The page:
DHS warns of cyber threats to critical systems after attack on pipeline operator

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The Department of Homeland Security’s Cybersecurity and Infrastructure Security Agency (CISA) is warning of potential cyber threats to companies operating critical systems this week, with the alert coming on the heels of a cyberattack last year on a pipeline operator.

In the alert released Tuesday, CISA detailed its response to a recent ransomware attack on an unnamed “natural gas compression facility.” The ransomware virus came from a malicious link in an email, which was then able to compromise the company’s systems. 

CISA wrote that the facility, which never lost control of operations but did have difficulty interpreting network data, decided to temporarily shutdown operations and that the group had not considered a cyberattack when formulating its emergency response plans. 

The attack also disrupted operations at nearby critical systems operators, which meant that the entire pipeline involved was shut down for two days.

CISA strongly recommended that operators of similar critical systems create a plan for what to do in the case of a debilitating cyberattack that affects operations and that cybersecurity be incorporated into safety training plans for employees due to the potential that cyberattacks on these facilities could cause physical harm. 

Cybersecurity group Dragos issued an assessment on Wednesday linking the attack on the facility to an alert put out by the U.S. Coast Guard in December. 

The Coast Guard warned in its alert of a ransomware intrusion at a facility regulated under the Maritime Transportation Security Act. The attack forced the facility to shut down for 30 hours after disrupting camera and physical access control systems, along with disrupting the entire corporate IT network at the facility.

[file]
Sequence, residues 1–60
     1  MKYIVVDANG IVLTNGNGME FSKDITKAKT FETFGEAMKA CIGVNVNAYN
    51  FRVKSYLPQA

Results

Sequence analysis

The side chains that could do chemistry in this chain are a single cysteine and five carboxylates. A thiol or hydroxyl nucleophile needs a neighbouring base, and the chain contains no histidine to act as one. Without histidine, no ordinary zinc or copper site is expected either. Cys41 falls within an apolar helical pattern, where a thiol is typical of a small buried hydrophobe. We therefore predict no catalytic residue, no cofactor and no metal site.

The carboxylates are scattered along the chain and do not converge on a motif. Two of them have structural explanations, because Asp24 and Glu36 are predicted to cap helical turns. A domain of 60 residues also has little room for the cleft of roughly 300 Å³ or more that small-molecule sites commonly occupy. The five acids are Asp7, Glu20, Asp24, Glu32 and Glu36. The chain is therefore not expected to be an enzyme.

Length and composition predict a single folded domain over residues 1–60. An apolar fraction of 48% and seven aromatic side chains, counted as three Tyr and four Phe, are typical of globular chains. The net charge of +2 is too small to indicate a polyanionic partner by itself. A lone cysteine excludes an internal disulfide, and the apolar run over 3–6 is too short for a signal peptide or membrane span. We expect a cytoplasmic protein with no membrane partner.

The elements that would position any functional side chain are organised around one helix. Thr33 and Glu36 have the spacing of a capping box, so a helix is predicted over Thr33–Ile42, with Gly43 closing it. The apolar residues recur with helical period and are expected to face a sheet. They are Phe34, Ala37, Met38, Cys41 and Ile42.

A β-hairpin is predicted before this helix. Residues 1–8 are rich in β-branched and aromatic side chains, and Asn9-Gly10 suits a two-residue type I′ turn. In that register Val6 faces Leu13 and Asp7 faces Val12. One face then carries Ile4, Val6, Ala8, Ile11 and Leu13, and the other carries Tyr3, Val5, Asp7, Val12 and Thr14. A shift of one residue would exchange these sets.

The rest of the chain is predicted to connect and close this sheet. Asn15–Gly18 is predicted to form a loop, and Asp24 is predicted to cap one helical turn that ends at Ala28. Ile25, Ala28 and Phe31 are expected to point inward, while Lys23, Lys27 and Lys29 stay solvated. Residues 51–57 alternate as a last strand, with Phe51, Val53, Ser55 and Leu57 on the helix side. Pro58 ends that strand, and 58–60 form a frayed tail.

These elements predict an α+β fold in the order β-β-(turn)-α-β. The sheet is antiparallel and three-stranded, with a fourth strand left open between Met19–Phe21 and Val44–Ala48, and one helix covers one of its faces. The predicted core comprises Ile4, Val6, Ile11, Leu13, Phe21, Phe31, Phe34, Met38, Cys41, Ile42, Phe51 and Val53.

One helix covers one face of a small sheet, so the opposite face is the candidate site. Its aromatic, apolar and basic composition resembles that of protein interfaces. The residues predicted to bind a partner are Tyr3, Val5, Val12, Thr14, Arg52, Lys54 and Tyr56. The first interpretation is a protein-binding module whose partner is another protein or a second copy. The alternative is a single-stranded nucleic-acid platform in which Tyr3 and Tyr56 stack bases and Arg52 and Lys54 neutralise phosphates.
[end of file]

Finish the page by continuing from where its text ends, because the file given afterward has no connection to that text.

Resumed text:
Dragos noted that it did not believe the attack was targeted at industrial control systems, but rather that it was a more common ransomware attack, in which the attacker locks up a system and demands payment to give the user access again.  

Ransomware attacks have increasingly become a major threat nationwide following attacks over the past two years on the city governments of Atlanta, Baltimore and New Orleans, attacks on school districts across the country, and states of emergency being declared in both Texas and Louisiana followed coordinated attacks on multiple groups.

Congress has taken an interest in the issue, with multiple bills introduced designed to give state and local officials more tools to defend against and recover from ransomware attacks.

CISA Director Christopher Krebs briefed members of the Senate Cybersecurity Caucus about threats from ransomware in December. Krebs also asked at a recent Senate committee hearing that Congress give CISA more resources to help state and local officials respond to cyber threats. 

“We have to get more resources out in the field,” Krebs testified. “I cannot be effective if I am sitting here in Washington, D.C. I need more dedicated state and local resources.”


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